It is an unwarranted extension of Miranda to hold that a simple failure to administer the warnings, unaccompanied by any actual coercion or other circumstances calculated to undermine the suspect's ability to exercise his free will so taints the investigatory process that a subsequent voluntary and informed waiver is ineffective for some indeterminate period. Though Miranda requires that the unwarned admission must be suppressed, the admissibility of any subsequent statement should turn in these circumstances solely on whether it is knowingly and voluntarily made.

Id. at , 105 S.Ct. at 1293:

[T]here is no warrant for presuming coercive effect where the suspect's initial inculpatory statement, though technically in violation of Miranda, was voluntary. (footnote omitted) The relevant inquiry is whether, in fact, the second statement was voluntarily made. As in any such inquiry, the finder of fact must examine the surrounding circumstances and the entire course of police conduct with respect to the suspect in evaluating the voluntariness of his statements.

Id. at , 105 S.Ct. at 1298. The essence of the Elstad opinion is that unless the original illegal statement was not voluntarily made,

"a careful and thorough administration of Miranda warnings serves to cure the condition that rendered the unwarned statement inadmissible. The warning conveys the relevant information and thereafter the suspect's choice whether to exercise his unfettered priviledge to remain silent should ordinarily be viewed as an 'act of free will.' Wong Sun v. United States, [ supra ]."

Id. at , 105 S.Ct. at 1294.

Based on the reasoning in Oregon v. Elstad, in this situation the Commonwealth is required to show that the initial inculpatory statement was not coerced and that the subsequent waiver was made knowingly and intelligently. The lower court implicitly found that the Commonwealth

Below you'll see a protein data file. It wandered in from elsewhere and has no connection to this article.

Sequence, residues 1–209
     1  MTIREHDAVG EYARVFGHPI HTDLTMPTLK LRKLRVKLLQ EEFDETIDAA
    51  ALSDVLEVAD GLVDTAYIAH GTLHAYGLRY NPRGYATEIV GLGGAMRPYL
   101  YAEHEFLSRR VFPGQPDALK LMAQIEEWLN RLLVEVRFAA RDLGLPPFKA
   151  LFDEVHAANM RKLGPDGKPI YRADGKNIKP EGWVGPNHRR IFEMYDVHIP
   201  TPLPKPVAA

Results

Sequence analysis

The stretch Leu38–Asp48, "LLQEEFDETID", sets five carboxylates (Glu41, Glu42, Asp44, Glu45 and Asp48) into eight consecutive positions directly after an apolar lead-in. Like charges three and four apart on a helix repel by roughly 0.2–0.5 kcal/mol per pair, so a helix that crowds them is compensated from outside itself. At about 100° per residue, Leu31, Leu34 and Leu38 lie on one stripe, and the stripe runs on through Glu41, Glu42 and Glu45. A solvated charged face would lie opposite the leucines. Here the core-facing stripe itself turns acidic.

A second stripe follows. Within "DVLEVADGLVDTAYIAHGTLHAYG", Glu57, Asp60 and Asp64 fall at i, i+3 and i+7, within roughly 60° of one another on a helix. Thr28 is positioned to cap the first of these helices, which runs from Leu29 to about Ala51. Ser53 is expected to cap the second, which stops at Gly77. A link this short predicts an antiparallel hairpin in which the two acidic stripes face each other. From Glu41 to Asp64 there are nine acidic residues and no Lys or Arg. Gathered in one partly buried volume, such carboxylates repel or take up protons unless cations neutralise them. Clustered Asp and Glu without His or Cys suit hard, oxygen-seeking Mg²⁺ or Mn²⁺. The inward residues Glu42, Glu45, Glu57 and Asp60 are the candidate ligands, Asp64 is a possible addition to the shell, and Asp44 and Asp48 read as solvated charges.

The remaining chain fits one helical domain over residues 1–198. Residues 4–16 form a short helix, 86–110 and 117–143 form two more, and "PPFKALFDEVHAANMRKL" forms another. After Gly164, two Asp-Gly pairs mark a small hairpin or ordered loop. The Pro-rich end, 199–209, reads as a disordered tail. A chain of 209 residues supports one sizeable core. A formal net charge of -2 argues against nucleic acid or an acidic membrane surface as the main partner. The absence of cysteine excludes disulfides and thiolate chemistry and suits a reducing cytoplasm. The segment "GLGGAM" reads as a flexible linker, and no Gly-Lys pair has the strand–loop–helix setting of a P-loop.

[ 345 Pa. Super. Page 550]

    had met this dual burden when it stated: "When the two statements were given the defendant had been neither threatened nor assaulted and was in complete control of his faculties. He gave intelligent answers to all questions and manifested no effects of any drugs or alcohol." These findings are supported by the record and appellant does not dispute them. Likewise, the lower court found that appellant had knowingly and voluntarily waived his constitutional rights under Miranda.

We turn now to appellant's claim that trial counsel was ineffective because of a potential conflict of interest. This claim is totally without merit. Trial counsel fully disclosed the situation to the appellant as well as to the trial court and the prosecuting attorney prior to participating in appellant's defense. Appellant raised no objection at the time and, even now, does not point to any specific harm he suffered as a result of the alleged conflict of interest. Therefore, he has failed to adequately raise an ineffectiveness claim. See Commonwealth v. Wallace, 495 Pa. 295, 433 A.2d 856 (1981). This case need not be remanded for an evidentiary hearing for appellant has failed to allege a claim which would be of arguable merit. See Commonwealth v. Smith, 321 Pa. Super. 170, 467 A.2d 1307 (1983).

Accordingly, the order of the court below is affirmed.


Accordingly, the order of the court below is affirmed.